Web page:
N'Orleans Research Highlights the Importance of Smart Choice Programs
There are days when I think I’ve found the single, universal answer to all of my five-year-old problems. Like the time I used chewing gum to stick a loose sole back to my shoe. When I figured the same approach would also help me hang a cool Spiderman posted on my bedroom wall, I got in big trouble. Then there was the time I discovered that I could use the microwave to create nachos. It worked less spectacularly when I used it as a towel drier. I think I finally understand what my dad means when he pats me on the head and says, “Son, there’s no such thing as a silver bullet.”
As it turns out, the same thing holds true in education reform. I love school choice, but that doesn’t mean that just any choice policy will fix all of our woes automatically. It has to be done right, and one has to remember that no system (and especially not the current school system) is perfect.
Yet perfect shouldn’t be the enemy of the good when we’re talking about school choice programs. That’s why I get a little sad when I read stories like this one from KUNC about a big, fancy report from an outfit called The Education Research Alliance of New Orleans.
The report looks at the somewhat wild choice system in post-Katrina N’Orleans—a system in which roughly 90 percent of kids attend a charter school. (True nerds can click here for the technical report, which comes complete with fancy equations.) Among other things, it finds that families—and particularly poor families or those with relatively low levels of education—often make choices based off transportation worries and priorities other than academic achievement. This, it says, could increase the very inequities school choice seeks to eliminate.
I want to pause for a moment and reiterate something very important: The idea that the only beneficial or valid reasons to choose a school are academic in nature is, quite frankly, wrong. There are many, many reasons a kid may need a new school, including safety concerns, athletic considerations, supplementary offerings, value sets, and many other things. All of those things are valuable in their own right, and many of them may also help kids do better academically.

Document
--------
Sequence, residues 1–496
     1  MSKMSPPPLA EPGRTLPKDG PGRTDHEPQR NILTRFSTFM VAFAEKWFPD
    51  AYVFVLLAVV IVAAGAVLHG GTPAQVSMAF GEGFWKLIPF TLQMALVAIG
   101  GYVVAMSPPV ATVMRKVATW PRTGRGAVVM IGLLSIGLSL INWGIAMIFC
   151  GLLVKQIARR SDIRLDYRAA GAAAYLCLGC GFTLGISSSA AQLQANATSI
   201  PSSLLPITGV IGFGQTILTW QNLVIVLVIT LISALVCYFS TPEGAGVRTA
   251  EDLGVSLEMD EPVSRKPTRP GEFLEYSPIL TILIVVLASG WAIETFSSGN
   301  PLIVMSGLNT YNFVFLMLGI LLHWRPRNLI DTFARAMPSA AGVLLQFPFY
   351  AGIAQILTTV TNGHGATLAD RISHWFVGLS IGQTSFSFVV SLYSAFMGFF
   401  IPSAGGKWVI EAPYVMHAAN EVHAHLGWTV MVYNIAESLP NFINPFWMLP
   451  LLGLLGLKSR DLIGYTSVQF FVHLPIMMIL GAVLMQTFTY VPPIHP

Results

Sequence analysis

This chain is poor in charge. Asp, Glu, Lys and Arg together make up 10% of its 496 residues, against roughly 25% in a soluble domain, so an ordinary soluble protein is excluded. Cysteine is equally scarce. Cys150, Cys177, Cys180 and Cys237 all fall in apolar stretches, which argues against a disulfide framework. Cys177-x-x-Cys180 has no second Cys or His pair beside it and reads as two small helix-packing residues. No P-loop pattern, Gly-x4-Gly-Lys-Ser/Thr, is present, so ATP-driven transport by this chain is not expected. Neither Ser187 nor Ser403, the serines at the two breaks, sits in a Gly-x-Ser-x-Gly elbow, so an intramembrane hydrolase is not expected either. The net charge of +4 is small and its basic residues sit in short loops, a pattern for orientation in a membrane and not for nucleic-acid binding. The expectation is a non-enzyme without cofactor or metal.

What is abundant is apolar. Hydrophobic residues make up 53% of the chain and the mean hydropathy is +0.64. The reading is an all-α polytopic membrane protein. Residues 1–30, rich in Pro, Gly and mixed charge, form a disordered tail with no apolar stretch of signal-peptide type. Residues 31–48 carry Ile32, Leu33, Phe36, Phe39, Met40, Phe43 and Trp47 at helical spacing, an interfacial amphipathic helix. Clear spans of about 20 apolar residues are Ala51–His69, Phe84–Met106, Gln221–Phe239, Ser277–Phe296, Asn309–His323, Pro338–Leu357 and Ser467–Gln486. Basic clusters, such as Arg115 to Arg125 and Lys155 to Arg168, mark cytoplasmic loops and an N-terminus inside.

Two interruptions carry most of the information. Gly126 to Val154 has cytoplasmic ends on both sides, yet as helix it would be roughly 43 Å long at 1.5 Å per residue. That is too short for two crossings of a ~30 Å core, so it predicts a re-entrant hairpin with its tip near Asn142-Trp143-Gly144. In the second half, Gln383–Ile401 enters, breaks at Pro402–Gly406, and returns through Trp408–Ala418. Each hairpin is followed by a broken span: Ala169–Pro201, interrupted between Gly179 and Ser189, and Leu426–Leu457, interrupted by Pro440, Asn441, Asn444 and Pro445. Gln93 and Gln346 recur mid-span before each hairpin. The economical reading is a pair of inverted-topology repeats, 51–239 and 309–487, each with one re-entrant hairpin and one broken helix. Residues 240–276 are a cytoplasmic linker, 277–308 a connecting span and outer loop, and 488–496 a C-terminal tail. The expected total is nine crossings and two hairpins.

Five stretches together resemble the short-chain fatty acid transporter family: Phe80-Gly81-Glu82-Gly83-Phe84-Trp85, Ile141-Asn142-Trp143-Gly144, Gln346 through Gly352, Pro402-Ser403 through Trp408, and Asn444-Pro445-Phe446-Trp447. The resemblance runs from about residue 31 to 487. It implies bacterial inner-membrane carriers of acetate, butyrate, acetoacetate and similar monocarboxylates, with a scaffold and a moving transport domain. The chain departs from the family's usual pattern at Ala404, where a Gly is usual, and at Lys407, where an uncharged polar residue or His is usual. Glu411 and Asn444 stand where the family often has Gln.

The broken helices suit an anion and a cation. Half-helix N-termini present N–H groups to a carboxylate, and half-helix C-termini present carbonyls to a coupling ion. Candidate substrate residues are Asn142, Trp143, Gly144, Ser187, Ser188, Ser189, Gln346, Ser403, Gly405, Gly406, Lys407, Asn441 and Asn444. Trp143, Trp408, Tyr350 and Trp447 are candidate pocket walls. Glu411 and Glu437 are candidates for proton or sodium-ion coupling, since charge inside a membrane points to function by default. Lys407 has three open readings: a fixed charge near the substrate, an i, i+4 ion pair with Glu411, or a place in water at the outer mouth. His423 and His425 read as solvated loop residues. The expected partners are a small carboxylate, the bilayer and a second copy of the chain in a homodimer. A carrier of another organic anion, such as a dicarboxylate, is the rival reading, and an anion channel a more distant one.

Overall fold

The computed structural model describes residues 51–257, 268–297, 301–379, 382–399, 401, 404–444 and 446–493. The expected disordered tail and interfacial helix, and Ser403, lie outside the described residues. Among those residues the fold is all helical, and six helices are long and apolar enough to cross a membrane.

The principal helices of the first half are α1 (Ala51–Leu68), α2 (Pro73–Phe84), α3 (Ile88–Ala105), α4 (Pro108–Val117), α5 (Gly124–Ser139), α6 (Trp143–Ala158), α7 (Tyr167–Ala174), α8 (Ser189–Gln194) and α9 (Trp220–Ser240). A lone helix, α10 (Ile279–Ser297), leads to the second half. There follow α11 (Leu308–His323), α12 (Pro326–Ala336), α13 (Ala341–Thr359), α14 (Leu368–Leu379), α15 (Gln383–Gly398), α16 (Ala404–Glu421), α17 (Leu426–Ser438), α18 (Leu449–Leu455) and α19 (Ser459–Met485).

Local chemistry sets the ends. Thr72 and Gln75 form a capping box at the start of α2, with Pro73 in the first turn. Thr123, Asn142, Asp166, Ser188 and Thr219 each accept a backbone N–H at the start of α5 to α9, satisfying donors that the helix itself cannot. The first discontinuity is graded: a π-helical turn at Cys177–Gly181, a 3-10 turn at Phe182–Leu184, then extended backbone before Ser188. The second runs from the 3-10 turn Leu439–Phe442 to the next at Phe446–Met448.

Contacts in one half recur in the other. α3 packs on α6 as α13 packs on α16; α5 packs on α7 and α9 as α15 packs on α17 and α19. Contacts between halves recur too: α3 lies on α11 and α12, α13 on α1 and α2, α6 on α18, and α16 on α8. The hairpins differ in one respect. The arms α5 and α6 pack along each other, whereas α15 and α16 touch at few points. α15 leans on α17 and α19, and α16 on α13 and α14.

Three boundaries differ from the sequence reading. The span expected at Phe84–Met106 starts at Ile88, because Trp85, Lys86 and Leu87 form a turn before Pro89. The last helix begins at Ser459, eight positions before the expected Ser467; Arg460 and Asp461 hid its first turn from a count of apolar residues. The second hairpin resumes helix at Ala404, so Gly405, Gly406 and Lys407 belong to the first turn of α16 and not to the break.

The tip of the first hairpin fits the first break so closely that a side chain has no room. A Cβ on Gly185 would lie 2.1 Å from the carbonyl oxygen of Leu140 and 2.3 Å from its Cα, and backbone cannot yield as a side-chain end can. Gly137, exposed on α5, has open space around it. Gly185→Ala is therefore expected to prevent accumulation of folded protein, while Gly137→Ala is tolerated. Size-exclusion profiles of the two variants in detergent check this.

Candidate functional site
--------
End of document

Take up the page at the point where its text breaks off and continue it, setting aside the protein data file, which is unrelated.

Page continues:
Implicitly or explicitly telling parents what they should value is wrongheaded. Implying that they are unwittingly making society worse off with their choices is insulting. Different families have different preferences—systemic or not—and that’s okay as long as it isn’t due to a failure of policy design.
I should also mention the fact that the report seems rather contradictory. It finds a dramatic decrease in the gap between the highest- and lowest-income neighborhoods in New Orleans and an average increase in test scores across the city in the wake of post-Katrina reforms, yet still argues that school choice may increase inequality because preferences differ between families in different subsets of society. Yes, I find that as confusing as you do.
That’s not to say that the report doesn’t raise legitimate concerns. Some of the findings about the importance of transportation in choice are similar to those in recent research from A + Denver. As many of you know, I myself have written about transportation issues before and even offered up some futuristic potential cures. The report also reiterates other research findings that low-income or low-education families tend to find it harder to find and decipher information about school choice than their more affluent peers.
But here’s the thing: These are not arguments against choice programs. They are arguments for smarter choice programs. We need to work hard to find solutions to transportation and information-provision problems—neither of which is unsolvable. But let’s try to do that without throwing the baby out with the bath water.
Remember: No silver bullets.